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Plan to move Olympic marathons north 'out of blue' for Tokyo, hailed by Sapporo

Artificial snow falls on spectators as part of an anti-heatstroke experiment during a canoeing event trial for the 2020 Tokyo Olympic and Paralympic Games, in Tokyo's Koto Ward on Sept. 13, 2019. (Mainichi/Junichi Sasaki)

The International Olympic Committee (IOC)'s announcement that it is considering moving the 2020 Tokyo Olympic marathons and race walking events far up north to Sapporo amid summer heat concerns has sent shockwaves throughout concerned communities in Japan, with many calling the move "a bolt from the blue."

"The news came out of nowhere. Our schedules have suddenly changed in many ways since this morning and we've been bustling around," said a senior official of the Tokyo Organising Committee of the Olympic and Paralympic Games. "Would we be able to design the courses and gather volunteer staff in time?" questioned an official related to the Tokyo Games.

The IOC's move also surprised officials and locals in Sapporo, the host of the 1972 Winter Olympics in the northernmost prefecture of Hokkaido.

"There wasn't even a rumor about such a change. We are utterly shocked. We'll confirm with the IOC via the Tokyo 2020 organizing committee," said a bewildered Mitsuru Yoshida, head of the section in charge of international events at the Sapporo Municipal Government's sports bureau. He said he learned about the content of the IOC's announcement via media reports on the evening of Oct. 16.

Sapporo Mayor Katsuhiro Akimoto hailed the IOC's move in a comment he released, stating, "I am very surprised at the abrupt news. We, as a city, would very much appreciate it. We should pay our utmost respect to the plan as it is out of consideration for the athletes."

However, for the games' host city Tokyo, the IOC's Sapporo plan was a total shock. IOC President Thomas Bach had raved about Tokyo in July at a ceremony marking one year ahead of the event, saying, "I can truly say I have never seen an Olympic city as prepared as Tokyo with one year to go before the Olympic Games." A senior Tokyo Metropolitan Government official fumed, saying, "The venue change would undermine our relationship of trust that we have built thus far. Tickets are already on sale. There's no way the venue can be moved to Sapporo after all that's happened."

The metropolitan government has heretofore taken all steps possible to counter the expected scorching heat during the marathon and race walking events in the Tokyo Games, including introducing heat insulation pavements and mist showers and repeatedly carrying out anti-heatstroke measures in this summer's trial events. "I'd like to take the announcement as a message that we should take our heat countermeasures more seriously," the senior metropolitan official stated.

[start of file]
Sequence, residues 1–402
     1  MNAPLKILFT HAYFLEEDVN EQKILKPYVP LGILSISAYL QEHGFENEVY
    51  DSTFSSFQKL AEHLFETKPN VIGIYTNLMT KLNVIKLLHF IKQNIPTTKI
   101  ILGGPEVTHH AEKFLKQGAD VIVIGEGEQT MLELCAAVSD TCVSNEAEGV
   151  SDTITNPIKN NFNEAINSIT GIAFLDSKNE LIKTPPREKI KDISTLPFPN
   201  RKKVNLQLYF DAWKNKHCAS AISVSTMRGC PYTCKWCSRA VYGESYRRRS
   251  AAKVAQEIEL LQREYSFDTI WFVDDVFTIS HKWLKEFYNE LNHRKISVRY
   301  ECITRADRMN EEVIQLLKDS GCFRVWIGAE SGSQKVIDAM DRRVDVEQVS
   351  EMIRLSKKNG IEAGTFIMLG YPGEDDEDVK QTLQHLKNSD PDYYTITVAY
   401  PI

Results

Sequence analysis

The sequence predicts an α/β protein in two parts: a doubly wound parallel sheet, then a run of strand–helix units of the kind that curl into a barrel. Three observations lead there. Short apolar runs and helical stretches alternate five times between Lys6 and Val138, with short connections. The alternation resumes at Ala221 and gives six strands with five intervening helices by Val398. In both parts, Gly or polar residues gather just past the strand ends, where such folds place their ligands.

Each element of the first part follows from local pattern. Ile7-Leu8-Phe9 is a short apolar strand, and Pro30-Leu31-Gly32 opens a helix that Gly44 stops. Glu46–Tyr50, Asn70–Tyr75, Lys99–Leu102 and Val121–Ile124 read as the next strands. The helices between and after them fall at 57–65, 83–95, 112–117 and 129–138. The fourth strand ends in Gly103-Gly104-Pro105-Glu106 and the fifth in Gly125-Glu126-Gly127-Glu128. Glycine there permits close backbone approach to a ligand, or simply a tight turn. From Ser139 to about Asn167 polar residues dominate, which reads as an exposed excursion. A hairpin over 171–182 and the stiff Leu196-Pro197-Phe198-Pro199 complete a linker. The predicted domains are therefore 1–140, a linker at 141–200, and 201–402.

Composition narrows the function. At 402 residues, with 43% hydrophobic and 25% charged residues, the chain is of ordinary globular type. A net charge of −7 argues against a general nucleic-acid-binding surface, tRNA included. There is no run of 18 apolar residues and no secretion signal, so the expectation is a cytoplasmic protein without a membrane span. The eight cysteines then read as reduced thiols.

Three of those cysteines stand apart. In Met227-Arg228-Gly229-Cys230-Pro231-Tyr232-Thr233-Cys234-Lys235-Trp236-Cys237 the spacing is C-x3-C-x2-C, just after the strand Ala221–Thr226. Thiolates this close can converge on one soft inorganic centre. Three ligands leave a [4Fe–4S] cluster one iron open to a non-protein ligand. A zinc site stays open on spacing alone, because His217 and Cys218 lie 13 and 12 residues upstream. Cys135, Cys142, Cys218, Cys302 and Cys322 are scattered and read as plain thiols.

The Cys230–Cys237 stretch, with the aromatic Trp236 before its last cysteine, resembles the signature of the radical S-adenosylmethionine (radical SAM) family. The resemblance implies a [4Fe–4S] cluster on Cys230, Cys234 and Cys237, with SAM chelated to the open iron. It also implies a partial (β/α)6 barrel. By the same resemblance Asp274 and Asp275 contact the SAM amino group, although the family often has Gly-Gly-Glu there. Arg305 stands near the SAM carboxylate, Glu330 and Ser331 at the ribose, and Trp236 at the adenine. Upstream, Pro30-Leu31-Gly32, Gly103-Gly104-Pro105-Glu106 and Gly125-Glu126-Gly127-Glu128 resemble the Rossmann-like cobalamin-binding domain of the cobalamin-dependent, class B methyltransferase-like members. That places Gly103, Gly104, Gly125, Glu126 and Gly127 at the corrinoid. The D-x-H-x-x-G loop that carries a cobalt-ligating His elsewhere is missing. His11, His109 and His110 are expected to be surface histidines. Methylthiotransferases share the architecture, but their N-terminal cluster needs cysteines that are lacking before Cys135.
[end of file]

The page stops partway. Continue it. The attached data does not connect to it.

Another metropolitan government official, meanwhile, welcomed the proposed shift. "When I went to Olympic venues in Tokyo's waterfront areas, I couldn't keep standing due to the heat. I don't think there's any way we can deal with the heat (in the capital)," the official said.

As the ongoing Rugby World Cup 2019 is bringing much joy and excitement to regional cities hosting the matches, the metropolitan official said, "We don't have to force ourselves to hold the (Olympic) events in Tokyo and its surrounding areas. We should let regional areas have the stage more, as Tokyo is often under fire for taking it all."

The IOC's plan also shocked the Metropolitan Police Department (MPD), which will be tasked with security measures during next year's games.

"I didn't know about it. It's a bolt from the blue, a burning bolt," commented a senior MPD official.

"If it is going to be held in Sapporo, we have no choice but to consider responses for that scenario. We will share with Hokkaido the know-how we have acquired through the Tokyo Marathon and the Marathon Grand Championship (a trial race for next summer's competition) so both of us can implement effective security measures," the official said.

(Japanese original by Akira Matsumoto, Sports News Department; Junichi Tsuchiya, Hokkaido News Department; and Yoshikazu Takeuchi, Tokyo City News Department)

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